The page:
This is the second of three parts of the syllabus and summaries prepared by Samantha Bates who TAs the Applied Ethical and Governance Challenges in Artificial Intelligence course which I co-teach with Jonathan Zittrain. John Bowers and Natalie Satiel are also TAs for the course. I posted Part I earlier in the month.
In Part I, we defined the space and tried to frame and understand some of the problems. We left with concerns about the reductionist, poorly defined and oversimplified notions of fairness and explainability in much of the literature. We also left feeling quite challenged by how the technical community will face new risks such as adversarial attacks and approaches like it.
In Part II, we continue our journey into a sense of despair about AI ethics and governance. In Solon Barocas and Andrew D. Selbst's paper "Big Data's Disparate Impact," they walk us through the state of the law around discrimination and fairness using Title VII of the US Civil Rights Act as an example. The authors show us that while it was enacted to address discrimination concerns raised by the civil rights movement, the law has evolved away from trying to correct societal inequities through remedies such as affirmative action. Instead, the law has focused more and more on fairness of processes and less on redistribution or on resolving historical inequity. As a result, the law has adopted a more technical notion of fairness - a kind of actuarial "all lives matter" sort of approach. During Part I, when we discussed the biased Amazon hiring tool, one of the proposed remedies was to "put our thumb on the scale" and just boost the scores of women and minorities. The Barocas and Selbst paper demonstrates that this type of solution is no longer supported by the law. The sense is that the engineers thought, "of course there must be a law prohibiting discrimination, we can use that." In fact, that law punts on redistribution or societal inequity. Jonathan pointed out that treatment of social inequality in Tort law is similar. If you run over a rich person and a poor person at the same time, you have to pay the rich family more - the calculation of damages is based on the victim's future earning power. Tort law, like Title VII, says, "there may be societal inequities, but we're not solving that problem here."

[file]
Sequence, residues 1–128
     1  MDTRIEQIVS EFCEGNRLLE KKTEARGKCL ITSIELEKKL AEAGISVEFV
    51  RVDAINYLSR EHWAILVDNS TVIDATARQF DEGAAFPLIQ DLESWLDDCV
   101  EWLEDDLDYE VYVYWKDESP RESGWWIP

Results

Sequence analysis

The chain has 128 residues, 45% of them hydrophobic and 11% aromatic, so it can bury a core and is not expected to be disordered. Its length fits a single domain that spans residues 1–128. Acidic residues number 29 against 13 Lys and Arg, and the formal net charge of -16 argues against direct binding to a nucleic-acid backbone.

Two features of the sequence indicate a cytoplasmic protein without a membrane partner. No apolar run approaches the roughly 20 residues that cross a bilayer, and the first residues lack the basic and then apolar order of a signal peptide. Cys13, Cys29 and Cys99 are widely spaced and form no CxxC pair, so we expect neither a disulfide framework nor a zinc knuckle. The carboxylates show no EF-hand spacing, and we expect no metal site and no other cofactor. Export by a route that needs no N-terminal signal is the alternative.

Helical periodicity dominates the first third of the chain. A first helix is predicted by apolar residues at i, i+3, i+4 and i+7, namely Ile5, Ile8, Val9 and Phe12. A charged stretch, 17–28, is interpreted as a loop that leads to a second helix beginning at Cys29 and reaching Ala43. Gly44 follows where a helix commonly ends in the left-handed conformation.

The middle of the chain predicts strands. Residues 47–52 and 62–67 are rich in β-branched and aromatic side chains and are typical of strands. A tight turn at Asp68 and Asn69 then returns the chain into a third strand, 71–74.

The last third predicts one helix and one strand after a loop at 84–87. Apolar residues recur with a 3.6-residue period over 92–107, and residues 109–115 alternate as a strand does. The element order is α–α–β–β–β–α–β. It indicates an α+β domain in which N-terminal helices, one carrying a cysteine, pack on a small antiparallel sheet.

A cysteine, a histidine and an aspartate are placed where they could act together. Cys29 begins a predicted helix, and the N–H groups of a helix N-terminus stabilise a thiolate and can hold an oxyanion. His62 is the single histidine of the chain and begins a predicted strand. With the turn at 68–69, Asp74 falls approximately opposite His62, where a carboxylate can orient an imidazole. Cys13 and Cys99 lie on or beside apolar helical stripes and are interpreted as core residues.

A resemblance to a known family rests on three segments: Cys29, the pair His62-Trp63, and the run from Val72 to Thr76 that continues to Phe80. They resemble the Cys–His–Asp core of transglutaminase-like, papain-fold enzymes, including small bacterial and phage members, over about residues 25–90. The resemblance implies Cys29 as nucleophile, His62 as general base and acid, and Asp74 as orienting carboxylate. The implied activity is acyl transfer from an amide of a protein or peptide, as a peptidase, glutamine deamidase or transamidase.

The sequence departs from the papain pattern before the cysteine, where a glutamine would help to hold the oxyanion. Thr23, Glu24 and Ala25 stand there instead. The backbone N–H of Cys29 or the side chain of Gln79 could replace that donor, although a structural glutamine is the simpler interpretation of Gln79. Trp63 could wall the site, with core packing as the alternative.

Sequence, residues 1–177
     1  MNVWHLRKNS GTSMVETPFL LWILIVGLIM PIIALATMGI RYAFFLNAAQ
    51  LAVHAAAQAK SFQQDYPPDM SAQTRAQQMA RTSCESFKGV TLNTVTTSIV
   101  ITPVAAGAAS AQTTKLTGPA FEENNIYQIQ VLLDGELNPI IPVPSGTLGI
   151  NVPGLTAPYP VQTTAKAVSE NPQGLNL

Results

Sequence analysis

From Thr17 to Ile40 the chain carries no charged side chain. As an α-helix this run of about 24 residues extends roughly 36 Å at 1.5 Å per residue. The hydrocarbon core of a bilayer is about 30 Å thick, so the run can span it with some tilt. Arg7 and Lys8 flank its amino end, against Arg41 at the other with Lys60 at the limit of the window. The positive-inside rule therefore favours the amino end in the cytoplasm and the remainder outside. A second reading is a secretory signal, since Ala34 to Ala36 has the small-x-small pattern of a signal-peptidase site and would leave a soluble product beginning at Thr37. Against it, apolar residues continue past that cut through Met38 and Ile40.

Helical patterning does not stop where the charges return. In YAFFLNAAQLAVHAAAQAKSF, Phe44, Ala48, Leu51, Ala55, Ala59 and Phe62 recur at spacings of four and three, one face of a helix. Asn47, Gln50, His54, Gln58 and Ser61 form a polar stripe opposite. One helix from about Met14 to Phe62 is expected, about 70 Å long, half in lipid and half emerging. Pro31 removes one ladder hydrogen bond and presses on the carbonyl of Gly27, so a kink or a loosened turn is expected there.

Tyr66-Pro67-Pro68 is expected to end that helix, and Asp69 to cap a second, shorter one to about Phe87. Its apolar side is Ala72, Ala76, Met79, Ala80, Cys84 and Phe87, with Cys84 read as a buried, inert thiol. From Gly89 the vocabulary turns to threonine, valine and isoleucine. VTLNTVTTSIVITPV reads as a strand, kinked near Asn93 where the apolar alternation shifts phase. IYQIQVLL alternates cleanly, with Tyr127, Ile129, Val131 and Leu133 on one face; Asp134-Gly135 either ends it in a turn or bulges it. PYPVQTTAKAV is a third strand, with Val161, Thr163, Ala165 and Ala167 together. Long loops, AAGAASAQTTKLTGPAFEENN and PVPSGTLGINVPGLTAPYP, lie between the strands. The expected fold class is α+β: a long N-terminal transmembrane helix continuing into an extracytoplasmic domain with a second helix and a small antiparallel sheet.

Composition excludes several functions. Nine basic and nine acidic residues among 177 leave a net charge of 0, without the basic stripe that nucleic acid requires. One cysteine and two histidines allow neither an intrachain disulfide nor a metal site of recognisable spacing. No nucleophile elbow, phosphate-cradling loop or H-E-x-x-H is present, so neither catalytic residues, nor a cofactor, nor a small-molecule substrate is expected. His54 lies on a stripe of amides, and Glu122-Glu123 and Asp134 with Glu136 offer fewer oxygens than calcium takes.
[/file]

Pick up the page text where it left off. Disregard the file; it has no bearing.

Sandra Wachter's paper proposing counterfactuals as a way to provide explainability is an excellent idea and feels like one way forward in the explainability debate. However, even Sandra seems concerned about whether laws such as the GDPR will actually be able to require companies to provide such explanations. We also had some concerns about the limits of counterfactuals in identifying biases or providing the "best" answer depending on the person - limits Sandra identifies in her paper.